A Red & Pleasant Land takes place in Voivodja, which might be a stand-in for Transylvania, or it might be an alternate dimension lurking behind mirrors. Whatever it is, the land of Voivodja is ruled by families of vampires who identify themselves by card suits. They have an intricately complex society yet many of them seem to suffer from dementia or schizophrenia.

    The very first section of the book is called "How to Use This Book" and it suggests using the book as a whole setting, use parts of it, read it and not use it at all, or use it as a weapon. I think the author forgot to suggest that you could also use it as kindling, may you never be so cold that you resort to that option. I plan to use the book as a demiplane of madcapped grotesqueries & violent whimsy to cajole my players with.

    The first chapters throw all of the basic information about Voivodja at your game head. You'll learn about the strange nature of the landscape, the bloody customs and traditions of the locals, and Voidvodja's own mirror universe called the Quiet Side. There is even a custom class to work into your gaming group that seems suitable for a campaign set in Voivodja: the Alice. (Yes, that bit is free.)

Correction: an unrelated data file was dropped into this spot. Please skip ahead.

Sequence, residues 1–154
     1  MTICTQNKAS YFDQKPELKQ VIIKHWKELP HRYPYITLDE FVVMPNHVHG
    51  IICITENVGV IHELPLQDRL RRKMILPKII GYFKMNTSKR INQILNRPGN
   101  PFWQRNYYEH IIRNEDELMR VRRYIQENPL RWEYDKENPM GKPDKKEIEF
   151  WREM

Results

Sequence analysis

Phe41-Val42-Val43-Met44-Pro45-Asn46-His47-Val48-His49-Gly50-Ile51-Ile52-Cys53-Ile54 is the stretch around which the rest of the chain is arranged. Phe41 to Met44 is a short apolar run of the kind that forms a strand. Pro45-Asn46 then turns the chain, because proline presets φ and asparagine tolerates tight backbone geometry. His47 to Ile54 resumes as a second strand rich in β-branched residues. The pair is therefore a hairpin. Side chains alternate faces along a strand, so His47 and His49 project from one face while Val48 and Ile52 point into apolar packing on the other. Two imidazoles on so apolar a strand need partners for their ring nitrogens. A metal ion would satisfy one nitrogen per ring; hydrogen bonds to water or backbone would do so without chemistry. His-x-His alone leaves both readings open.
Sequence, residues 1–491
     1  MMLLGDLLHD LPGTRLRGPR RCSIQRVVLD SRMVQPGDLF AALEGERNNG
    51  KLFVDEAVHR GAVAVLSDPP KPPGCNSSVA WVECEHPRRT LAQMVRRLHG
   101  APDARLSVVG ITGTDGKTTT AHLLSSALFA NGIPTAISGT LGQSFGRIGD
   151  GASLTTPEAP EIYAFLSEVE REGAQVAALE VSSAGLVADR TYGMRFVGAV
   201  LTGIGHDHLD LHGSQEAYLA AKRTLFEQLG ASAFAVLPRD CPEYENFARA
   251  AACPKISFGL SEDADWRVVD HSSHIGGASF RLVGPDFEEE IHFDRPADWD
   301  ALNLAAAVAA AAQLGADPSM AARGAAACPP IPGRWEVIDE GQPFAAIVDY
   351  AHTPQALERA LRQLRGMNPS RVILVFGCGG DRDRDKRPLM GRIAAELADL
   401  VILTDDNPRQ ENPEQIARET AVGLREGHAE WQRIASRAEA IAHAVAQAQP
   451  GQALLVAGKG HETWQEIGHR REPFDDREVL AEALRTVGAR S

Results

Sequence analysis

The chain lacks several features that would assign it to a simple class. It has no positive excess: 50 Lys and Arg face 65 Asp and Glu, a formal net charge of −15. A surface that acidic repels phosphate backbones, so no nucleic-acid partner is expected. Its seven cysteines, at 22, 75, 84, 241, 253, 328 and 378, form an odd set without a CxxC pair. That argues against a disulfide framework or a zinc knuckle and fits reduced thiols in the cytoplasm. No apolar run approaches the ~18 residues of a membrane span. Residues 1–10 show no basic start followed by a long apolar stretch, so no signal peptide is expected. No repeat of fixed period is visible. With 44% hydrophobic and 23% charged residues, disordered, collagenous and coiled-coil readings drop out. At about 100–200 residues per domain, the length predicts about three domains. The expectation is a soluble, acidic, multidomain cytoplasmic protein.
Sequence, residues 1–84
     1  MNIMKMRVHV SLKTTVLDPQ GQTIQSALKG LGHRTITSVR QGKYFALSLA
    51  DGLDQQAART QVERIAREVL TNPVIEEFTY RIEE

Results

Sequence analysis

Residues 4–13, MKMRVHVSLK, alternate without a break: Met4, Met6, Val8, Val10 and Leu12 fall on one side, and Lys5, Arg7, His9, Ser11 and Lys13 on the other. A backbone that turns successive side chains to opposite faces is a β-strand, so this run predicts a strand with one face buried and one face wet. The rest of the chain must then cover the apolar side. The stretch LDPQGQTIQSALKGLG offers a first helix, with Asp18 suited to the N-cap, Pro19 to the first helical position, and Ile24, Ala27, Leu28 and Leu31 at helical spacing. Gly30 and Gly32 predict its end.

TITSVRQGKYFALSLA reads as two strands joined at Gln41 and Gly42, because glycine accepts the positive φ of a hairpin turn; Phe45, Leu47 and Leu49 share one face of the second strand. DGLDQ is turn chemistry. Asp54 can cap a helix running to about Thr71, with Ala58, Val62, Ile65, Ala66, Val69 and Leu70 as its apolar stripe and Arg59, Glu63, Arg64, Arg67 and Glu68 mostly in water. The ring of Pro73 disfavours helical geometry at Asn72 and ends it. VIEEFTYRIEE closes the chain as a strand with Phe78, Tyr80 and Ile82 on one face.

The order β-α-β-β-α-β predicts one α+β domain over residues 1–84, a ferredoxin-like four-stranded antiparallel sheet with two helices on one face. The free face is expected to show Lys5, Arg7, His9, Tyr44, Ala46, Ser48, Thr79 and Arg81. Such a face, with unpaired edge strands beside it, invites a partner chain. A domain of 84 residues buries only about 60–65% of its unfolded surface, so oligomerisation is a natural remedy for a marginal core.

Roughly 1/4th of the book is composed of monster and NPC descriptions and this is the biggest highlight of the book, with many strange and wondrous versions of creatures to bedevil and bemuse players with. The spine has a red cloth bookmark and I'm currently keeping it on the page with my personal favorite, the Colorless Rooks.

    The next 1/4th of the book details two major castles for two of the vampire clans battling one another; Castle Cachtice, the Card Castle, and Castle Poenari, the Looking Glass Palace. There is a lot of information here and it's so dense with oddities and distortions that I know I haven't really absorbed all of it. The beauty of these locations is that each room has a minimal bullet point description that evocatively describes each area without bogging you down in text to read aloud. The weirdness of the castles are largely left to an individual GM's judgment on how to resolve bypassing a room.